Former peer-to-peer property lending platform FutureBricks has joined the Financial Intermediary and Broker Association (FIBA).
Members of the trade body can now access the lender’s development and bridging finance for property development projects to small- and medium-sized enterprise (SME) housebuilders.
FutureBricks, which completed its move to unregulated corporate lending in July, said it aims to deploy £1bn in the next two years in these areas, focusing on both new and experienced SME developers.
The property investment platform is focussed on growing its business-to-business lending side by onboarding more institutional lenders and then plans to launch Brickway, a one-stop platform for financing and expertise aimed at SMEs.
“I am absolutely delighted to announce that FutureBricks has joined FIBA’s lender panel,” said Adam Tyler (pictured), executive chairman at FIBA.
“There are an increasing number of development finance opportunities for our members, alongside those in the short-term space, so this is a really welcome addition.
“As a lender, FutureBricks is showing strong confidence in our membership and I am really looking forward to enhancing our relationship in the coming years.”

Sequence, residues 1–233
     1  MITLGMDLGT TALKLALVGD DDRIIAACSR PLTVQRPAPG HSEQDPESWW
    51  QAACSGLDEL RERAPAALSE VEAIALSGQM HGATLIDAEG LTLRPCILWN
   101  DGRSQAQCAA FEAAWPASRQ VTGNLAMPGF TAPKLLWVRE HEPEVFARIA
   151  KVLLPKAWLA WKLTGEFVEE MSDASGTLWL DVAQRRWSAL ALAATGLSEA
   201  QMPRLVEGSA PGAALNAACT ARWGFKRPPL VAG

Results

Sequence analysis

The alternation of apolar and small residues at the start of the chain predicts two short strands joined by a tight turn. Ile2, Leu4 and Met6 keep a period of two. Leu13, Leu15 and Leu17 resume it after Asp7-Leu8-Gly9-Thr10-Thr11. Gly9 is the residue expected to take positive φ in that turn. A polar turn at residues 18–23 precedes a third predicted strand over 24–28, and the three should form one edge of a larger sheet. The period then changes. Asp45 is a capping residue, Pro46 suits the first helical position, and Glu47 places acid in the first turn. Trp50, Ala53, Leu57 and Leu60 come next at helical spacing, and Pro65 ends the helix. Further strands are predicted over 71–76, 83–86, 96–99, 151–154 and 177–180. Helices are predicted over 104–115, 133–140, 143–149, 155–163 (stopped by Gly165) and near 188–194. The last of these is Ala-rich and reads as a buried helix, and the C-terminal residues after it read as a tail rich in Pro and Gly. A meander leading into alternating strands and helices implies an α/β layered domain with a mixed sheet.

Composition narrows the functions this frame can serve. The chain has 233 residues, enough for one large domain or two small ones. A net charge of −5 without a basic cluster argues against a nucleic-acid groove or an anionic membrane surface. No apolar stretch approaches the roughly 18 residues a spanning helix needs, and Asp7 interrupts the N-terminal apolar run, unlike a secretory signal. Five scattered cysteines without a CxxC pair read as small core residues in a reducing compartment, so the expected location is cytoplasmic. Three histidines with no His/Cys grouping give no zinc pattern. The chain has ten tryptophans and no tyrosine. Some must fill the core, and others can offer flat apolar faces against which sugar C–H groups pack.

“FutureBricks is already an innovator in the provision of bridging and development loans, specifically to SME developers and for more complex loan proposals,” said Gareth Ward, senior underwriter at FutureBricks.
“We recognise there is huge potential demand for our smaller value, shorter term bridging and development facilities and our quicker and fuss-free lending.
“By aligning ourselves with FIBA, we are now more easily identifiable to brokers and borrowers in this sector and we can expand our offering to a much wider group. We are pleased to take this step and look forward to discussing these upcoming opportunities.”
In June, FutureBricks said it had decided to leave the retail P2P space because of the regulatory burden impacting the “potential commercial viability of P2P”, then in July repaid all of its retail lenders to give them an early exit from its three live loans ahead of its full transition away from P2P.